All predator hunters share a similar passion, but not all of us hunt in the same type of terrain. Nor do we all have the same budget. To that end, we’ve compiled a handy guide to help you find the right predator rifle for you and we’ve also offered a solid optic choice to round-out your rig. Whether you’re chasing fox in the thickets of Michigan or coyotes and bobcats in the wide-open prairies there’s a gun on this list that will work for you.
The Long-Range Rifle
What it is: Heavy. These dedicated target rifles aren’t designed for long walks in coyote country, but when you need to reach way out into the sagebrush these guns work.
Top Choice: Savage 110 Varmint
With its 26-inch barrel and ten-pound (unscoped) bulk the Savage 110 Varmint is a stay-put predator rifle. While you won’t be carrying on long hikes through the desert, you’ll appreciate its complete lack of recoil, smooth AccuTrigger, oversized bolt handle, thoughtfully-positioned tang safety and pinpoint accuracy. The latest upgrade to these rifles is the AccuFit stock system that quickly adjusts length of pull and comb height for a custom fit. You can spend easily spend big bucks on a long-range predator gun, but this rifle will reach out and silence song dogs and doesn’t cost a fortune. It’s available in .204 Ruger, .223 Rem, and .22-250 Rem. MSRP: $749; savagearms.com.
Runner-up: Ruger Hawkeye Varmint Target Rifle
With Ruger’s classic CRF action mated with a heavy 26-inch stainless steel barrel and beavertail laminate stock, the Hawkeye Varmint Target Rifle is a bit spendy, but it’s worth it. MSRP: $1,139; ruger.com.
Optic: Nikon PROSTAFF 5 4.5-18x40
These rifles beg to be topped with a high-power variable optic like Nikon’s PROSTAFF 5 4.5-18x40. If you choose that scope opt for the XR custom engraved turrets which are matched to your favorite hunting load, greatly simplifying long range shooting. MSRP: $449.95; nikonsportoptics.com.
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The Budget Predator Rifle
What it is: A rifle that will put predators down and money in your wallet.
Top Choice: Ruger American Rifle Predator
Ruger’s no-frills American Rifles have won over hunters with their combination of excellent performance and superb reliability in an affordable package. The Predator model comes with a durable, lightweight Moss Green injection molded stock, a Ruger Marksman adjustable (3-5 pound) trigger and a heavy, tapered, threaded barrel. Ruger’s Power Bedding system helps produce excellent accuracy and the three-lug bolt design allows for a short bolt lift for rapid cycling and fewer mashed knuckles. There are several caliber options including .204 Ruger, .22-250, .223, and the versatile new 6mm Creedmoor as well as magazine options that increase capacities up to 10 rounds. MSRP: $529; ruger.com.
Runner-up: Thompson/Center Compass
The Thompson/Center Compass incorporates a three-lug bolt design with a threaded 5R rifled barrel and a slick rotary magazine. The trigger pull is good, the three-position safety is a bonus, and the stock is basic but comfortable. Accuracy with these rifles is excellent. MSRP: $399; tcarms.com.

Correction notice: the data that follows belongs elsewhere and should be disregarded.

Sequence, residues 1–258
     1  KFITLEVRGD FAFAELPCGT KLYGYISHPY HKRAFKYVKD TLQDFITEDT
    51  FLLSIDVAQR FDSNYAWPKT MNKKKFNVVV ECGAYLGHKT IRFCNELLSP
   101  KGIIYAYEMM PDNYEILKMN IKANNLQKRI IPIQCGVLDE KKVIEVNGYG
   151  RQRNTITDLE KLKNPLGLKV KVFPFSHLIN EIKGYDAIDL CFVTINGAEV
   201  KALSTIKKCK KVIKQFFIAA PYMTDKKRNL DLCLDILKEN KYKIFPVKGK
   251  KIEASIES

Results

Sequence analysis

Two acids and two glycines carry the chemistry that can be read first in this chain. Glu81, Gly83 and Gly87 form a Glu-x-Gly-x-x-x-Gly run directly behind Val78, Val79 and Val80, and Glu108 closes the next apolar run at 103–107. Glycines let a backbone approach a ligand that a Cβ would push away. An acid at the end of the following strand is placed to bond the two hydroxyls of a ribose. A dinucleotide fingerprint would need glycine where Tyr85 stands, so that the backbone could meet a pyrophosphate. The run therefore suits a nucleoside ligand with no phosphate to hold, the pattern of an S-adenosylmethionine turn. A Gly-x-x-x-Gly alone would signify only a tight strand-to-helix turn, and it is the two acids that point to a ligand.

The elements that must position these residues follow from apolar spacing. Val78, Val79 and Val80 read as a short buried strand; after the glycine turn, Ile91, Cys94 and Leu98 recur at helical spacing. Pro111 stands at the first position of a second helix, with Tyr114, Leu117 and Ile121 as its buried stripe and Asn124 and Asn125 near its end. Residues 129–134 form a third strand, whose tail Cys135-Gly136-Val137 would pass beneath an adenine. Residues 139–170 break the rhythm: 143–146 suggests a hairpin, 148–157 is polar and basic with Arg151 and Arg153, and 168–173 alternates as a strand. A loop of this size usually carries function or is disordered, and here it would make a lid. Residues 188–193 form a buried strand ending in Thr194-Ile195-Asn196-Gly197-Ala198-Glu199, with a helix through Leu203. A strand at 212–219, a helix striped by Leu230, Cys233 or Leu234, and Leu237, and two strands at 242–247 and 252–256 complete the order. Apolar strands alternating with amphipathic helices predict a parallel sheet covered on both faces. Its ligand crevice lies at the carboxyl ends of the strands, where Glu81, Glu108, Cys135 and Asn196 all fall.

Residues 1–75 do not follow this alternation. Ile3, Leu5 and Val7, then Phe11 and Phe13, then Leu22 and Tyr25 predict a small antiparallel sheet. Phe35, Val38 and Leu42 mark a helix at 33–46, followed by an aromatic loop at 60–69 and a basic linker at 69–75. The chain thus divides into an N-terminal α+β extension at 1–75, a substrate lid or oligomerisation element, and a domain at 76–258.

Optic: Bushnell Banner
Bushnell’s Banner line of riflescopes offer Dawn & Dusk Brightness lens coatings, are dry nitrogen filled and are waterproof, shockproof and fogproof. There’s nothing extra fancy about these scopes, but they work well for most applications and cost around $100. MSRP: ~$100; bushnell.com.
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The Heavy-Cover Rifle
What it is: A compact, lightweight predator rifle for hunting cats, foxes and coyotes in dense brush. They are also perfect for those who have to hike long distances or climb in search of game.
Top Choice: Howa MiniAction Rifle
The bolt of Howa’s ultra-compact MiniAction Rifle measures just 6 inches long and weighs around 10 ounces, which makes it one of the lightest rifle actions on the market. With a 20-inch #1 contour barrel the Mini Action rifle tips the scales at 5.7 pounds and measures under 40 inches in total length, making it ideally suited for hunting in thick brush or walking miles while making multiple calling setups. These rifles are available in .204 Ruger, 222 Rem and .223 Rem as well as 7.62x39 and 6.5 Grendel, so there are a wide array of caliber options depending upon the type of predators you plan to hunt. Each Mini Action rifle is equipped with a durable, comfortable synthetic stock and there are a number of different color options. With MSRP pricing starting at $652 these rifles are also a great bargain. MSRP: Starting at $652; legacysports.com.
Runner-up: Kimber Adirondack
The barely-there Kimber Adirondack weighs just 4 pounds, 13 ounces. Those weight savings come from a combination of a synthetic stock, light-contour 18-inch threaded barrel, a stubby action and skeletonized and fluted metalwork. It’s not available in most of the traditional predator cartridges, but in 6.5 Creedmoor, .300 Blackout, 7mm-08 Rem or .308 Win., it will do the job. MSRP: $1,768; kimberamerica.com.
Optic: Swarovski Z3 3-9x36/Leupold VX-R 1.25-4x